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Breach of Trust – AIB v Mark Redler & Co

Sizzling LEO | 4:30 PM | 0 comments

The Court of Appeal has given further clarification on breach of trust claims brought against solicitors by lenders. In AIB v Mark Redler & Co, the solicitors were negligent in acting for AIB on a remortgage advance of £3.3 million. The solicitors had failed to obtain a redemption figure for the borrowers’ second loan account with Barclays who had a first legal charge on the property. Instead of paying some £1.5 million to Barclays to redeem the charge, the solicitors only paid £1.2 million for the redemption of the first loan with the balance of the proceeds going to the borrowers. As a result, AIB only had the benefit of a second charge. The property was subsequently repossessed. The borrowers were made bankrupt resulting in substantial losses for the lender.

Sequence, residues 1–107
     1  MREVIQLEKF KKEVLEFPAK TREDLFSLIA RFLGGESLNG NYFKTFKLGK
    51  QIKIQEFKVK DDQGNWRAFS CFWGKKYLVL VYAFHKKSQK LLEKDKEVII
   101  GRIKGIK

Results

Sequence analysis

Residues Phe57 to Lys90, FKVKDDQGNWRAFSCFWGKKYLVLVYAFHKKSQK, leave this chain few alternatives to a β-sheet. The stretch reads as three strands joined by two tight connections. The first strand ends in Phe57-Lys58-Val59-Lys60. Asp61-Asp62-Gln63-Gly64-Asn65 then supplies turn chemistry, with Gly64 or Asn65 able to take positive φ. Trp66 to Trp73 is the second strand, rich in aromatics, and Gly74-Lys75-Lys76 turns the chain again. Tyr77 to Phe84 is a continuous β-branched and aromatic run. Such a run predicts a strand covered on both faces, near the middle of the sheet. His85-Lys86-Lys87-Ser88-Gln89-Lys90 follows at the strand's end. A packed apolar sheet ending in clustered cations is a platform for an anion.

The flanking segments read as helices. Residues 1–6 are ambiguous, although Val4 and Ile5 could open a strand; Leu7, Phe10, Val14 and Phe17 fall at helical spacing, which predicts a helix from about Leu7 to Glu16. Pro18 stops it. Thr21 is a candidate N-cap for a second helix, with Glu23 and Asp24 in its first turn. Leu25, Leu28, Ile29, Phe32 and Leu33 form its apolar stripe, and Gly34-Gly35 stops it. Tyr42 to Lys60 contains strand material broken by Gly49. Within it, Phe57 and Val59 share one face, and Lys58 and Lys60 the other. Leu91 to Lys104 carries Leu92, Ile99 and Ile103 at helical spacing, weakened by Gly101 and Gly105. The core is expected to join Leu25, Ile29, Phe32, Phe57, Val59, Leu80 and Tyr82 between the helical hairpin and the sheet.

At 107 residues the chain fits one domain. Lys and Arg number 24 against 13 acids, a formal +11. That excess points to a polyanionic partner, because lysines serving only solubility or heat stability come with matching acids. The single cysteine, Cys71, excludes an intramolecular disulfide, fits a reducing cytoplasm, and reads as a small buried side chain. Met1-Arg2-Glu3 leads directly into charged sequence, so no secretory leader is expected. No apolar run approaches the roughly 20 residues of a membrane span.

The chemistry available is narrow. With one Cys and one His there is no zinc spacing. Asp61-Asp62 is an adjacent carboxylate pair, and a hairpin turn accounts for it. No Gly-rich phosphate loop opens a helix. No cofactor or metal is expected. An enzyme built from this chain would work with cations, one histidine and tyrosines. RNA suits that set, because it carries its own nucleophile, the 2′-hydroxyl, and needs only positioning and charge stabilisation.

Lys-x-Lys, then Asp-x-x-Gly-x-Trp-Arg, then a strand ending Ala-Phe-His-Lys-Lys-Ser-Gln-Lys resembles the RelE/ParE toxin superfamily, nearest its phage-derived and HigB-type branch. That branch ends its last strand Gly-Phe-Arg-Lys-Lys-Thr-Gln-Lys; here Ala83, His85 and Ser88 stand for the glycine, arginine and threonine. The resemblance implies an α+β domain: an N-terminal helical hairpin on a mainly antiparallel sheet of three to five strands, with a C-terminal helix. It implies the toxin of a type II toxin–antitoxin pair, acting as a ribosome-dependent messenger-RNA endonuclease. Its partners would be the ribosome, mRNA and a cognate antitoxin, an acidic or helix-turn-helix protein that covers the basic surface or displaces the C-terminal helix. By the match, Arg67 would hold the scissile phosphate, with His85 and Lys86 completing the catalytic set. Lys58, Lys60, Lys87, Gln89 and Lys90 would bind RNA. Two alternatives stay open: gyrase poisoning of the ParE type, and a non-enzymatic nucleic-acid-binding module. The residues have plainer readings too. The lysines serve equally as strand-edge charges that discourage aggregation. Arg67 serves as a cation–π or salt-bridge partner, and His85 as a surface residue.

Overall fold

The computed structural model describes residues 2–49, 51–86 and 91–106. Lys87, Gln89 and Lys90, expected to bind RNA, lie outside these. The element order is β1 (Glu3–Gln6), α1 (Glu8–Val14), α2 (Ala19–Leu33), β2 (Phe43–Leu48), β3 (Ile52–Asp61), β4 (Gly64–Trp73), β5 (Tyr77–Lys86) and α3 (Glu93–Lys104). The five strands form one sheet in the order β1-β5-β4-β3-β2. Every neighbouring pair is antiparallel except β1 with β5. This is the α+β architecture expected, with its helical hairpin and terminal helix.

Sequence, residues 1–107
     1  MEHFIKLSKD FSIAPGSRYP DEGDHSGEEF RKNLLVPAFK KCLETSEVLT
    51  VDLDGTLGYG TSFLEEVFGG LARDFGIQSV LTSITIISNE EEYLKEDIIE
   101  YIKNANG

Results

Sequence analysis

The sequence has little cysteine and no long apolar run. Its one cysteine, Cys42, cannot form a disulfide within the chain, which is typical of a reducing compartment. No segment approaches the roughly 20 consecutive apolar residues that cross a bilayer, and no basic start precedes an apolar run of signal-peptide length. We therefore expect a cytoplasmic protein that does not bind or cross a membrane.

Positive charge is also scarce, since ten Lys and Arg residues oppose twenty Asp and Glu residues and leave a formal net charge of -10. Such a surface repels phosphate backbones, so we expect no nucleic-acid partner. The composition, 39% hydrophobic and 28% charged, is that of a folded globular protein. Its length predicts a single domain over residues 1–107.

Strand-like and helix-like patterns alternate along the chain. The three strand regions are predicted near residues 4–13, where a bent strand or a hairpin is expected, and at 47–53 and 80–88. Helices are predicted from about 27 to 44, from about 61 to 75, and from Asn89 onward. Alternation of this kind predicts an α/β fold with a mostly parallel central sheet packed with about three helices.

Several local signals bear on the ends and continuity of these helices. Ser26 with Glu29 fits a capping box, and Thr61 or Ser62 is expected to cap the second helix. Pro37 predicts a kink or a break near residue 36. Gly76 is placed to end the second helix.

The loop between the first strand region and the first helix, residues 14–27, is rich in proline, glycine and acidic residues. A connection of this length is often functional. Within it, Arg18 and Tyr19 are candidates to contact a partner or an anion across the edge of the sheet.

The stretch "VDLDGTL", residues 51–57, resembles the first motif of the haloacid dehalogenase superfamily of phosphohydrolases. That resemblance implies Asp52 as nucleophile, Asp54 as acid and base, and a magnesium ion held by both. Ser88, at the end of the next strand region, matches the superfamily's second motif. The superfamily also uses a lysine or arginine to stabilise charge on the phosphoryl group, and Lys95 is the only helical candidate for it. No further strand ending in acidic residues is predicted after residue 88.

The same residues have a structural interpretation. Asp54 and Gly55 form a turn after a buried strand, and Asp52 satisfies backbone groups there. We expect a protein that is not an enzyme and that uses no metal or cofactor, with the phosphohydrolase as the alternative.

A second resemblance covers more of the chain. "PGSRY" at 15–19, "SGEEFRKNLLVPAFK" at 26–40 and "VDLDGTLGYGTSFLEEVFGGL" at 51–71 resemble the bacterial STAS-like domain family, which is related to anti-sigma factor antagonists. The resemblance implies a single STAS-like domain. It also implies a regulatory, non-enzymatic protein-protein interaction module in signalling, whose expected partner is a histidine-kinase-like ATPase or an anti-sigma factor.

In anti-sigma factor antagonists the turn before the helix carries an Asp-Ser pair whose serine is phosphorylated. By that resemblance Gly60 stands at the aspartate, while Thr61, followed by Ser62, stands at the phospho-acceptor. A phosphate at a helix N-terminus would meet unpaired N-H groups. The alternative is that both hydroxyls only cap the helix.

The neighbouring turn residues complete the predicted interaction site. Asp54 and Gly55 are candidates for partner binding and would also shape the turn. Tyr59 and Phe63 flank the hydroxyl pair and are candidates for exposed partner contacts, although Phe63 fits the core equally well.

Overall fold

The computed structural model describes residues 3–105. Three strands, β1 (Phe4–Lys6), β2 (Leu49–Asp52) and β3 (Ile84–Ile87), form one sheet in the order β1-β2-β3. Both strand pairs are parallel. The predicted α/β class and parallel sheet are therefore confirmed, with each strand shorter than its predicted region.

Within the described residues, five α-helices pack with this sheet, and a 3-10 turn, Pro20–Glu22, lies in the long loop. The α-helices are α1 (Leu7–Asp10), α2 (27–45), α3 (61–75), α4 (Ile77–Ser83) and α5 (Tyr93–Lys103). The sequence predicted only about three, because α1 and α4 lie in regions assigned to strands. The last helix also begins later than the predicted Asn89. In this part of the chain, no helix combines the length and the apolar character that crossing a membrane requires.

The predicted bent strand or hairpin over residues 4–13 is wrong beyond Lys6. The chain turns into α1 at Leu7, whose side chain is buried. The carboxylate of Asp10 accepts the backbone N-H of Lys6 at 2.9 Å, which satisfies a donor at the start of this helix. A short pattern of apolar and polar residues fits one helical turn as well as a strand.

AIB argued that the solicitors were also in breach of trust due to the failure to obtain a first legal charge for AIB and that the solicitors were obliged to repay the full amount of the advance. The Court of Appeal rejected this argument on causation grounds. If they had been no breach by the solicitors, AIB would still have gone ahead with the transaction and would have still made the same losses, the only difference is that they would have additional security of around £300,000 being the amount of the second loan and therefore the equitable compensation for breach of trust was limited to this amount.

The Court of Appeal has also stated that on a remortgage, solicitors are in breach of trust unless they obtained a redemption statement from the existing lender and a suitable undertaking. In cases where the existing lender is not legally represented, an unconditional confirmation is required that the advance will be applied by the lender in redemption of its charge.

The AIB decision is significant in that it is a further illustration that lenders may not be in a better financial position in seeking to bring claims for breach of trust as opposed to claims in breach of contract and negligence where contributory negligence defences are available to the solicitors.

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